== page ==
One of the widely known dog health problems nowadays is dog ear infection (otitis externa) and if we don’t take care of it fully and properly, they can become one of the hardest canine problems to deal with. They can repeat again and again, for years… Ear infections do not spontaneously occur. Some event or underlying disease must precipitate it. My top reason why pets get ear infections is allergies. Allergies may be triggered by ingestion of certain foods, like beef, dairy products, chicken, lamb, fish, eggs, corn, wheat, and soy.
What causes dog ear infection?
In most cases, bacteria is the most common cause of dog ear infections. This might a little surprise for you but every dog, including yours, has friendly or beneficial bacteria in their ears that are responsible for ear health and natural stability. They are the ones to ‘’check’’ the harmful bacteria and kill them. However, sometimes this tactful balance can be disordered and when it happens, your dog starts to be at risk and you need to start the right treatment immediately.
Ear Infection types
Generally, vets detect 3 dog ear infection kinds: otitis externa, media, and internal. Each one of these types affect different parts of the canine ear but all of them are, indeed, dangerous if we don’t take care of them.
Before starting the treatment, first of all, you need to make sure your dog has an ear infection and nothing else just like that. We hope your dog doesn’t have any of these symptoms, but if you spot one or two of the following signs, take your dog to the vet.
If your dog started to behave unusually, shakes or tilts his head all the time, pays extra attention to his ear or tries to reach or scratch it anyhow – this must be worrying. He may also try to rub his ear to your furniture or something that could be comfortable for him. This is a sign that he feels some unusual pain or discomfort in his ear and tries to get rid of it. As he doesn’t know how to do it, he just does whatever he can. In this, as in all the other cases, we must be the one to understand their needs and try to take care of them. At the same time, we need to mention that such behavior, of course, doesn’t necessarily have to be an infection, but it could be one of the signs.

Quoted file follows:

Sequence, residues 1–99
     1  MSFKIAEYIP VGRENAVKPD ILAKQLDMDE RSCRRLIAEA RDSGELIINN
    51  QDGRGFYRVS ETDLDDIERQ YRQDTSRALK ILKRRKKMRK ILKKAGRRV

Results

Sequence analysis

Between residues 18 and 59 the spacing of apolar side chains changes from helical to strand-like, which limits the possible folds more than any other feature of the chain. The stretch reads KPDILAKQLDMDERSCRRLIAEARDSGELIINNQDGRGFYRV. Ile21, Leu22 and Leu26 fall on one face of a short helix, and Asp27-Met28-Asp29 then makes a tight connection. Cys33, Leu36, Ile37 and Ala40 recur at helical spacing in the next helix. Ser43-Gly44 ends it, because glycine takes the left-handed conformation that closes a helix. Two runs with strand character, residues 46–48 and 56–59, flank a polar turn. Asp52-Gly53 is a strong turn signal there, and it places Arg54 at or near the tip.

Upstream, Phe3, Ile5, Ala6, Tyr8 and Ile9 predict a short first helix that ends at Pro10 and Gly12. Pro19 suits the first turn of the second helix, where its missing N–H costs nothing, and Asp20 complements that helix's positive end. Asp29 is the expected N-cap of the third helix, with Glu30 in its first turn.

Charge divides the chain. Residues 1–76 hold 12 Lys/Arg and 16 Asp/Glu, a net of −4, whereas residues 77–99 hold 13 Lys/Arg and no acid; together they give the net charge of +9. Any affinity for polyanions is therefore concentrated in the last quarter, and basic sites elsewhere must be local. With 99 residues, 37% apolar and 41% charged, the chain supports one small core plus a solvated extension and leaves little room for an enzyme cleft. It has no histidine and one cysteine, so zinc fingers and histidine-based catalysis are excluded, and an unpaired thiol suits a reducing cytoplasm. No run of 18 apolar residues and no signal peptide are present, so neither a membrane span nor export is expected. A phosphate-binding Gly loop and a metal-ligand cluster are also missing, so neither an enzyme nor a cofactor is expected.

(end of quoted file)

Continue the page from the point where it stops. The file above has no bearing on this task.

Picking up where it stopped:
To make sure you need to look inside the ear. While looking inside your dog’s ear there are multiple signs that can determine the infection. Usually, they are some kind of discharges (brown, reddish or yellow), sweet odor in the ear, ear blushing or unusual swelling. Hair loss around the ear can be another sign.
Because dog’s ear canals are very soft and sensitive, the symptoms of infection are in most cases visible making it easier to put the right diagnosis.
In addition, we need to mention one more time that some dogs are more susceptible to any kind of ear infections than others: dogs with floppy outer ears and dogs with excessive hair growth in their ear canal.
These outer ear infections are curable and there’s no need to worry too much about it. All you need to do is to be patient and take care of them properly.
These were the signs of the outer ear infections only but if your dog has unusual eye movements, is having issues with his balance or is walking or running in circles it might be time to have him checked more accurately and only with the right equipment because it could be a sign of a deeper infection this time dangerous for his life.
P.S The good news here is that most infections happen in the outer ear only and can be treated at home with the vet’s guidelines only.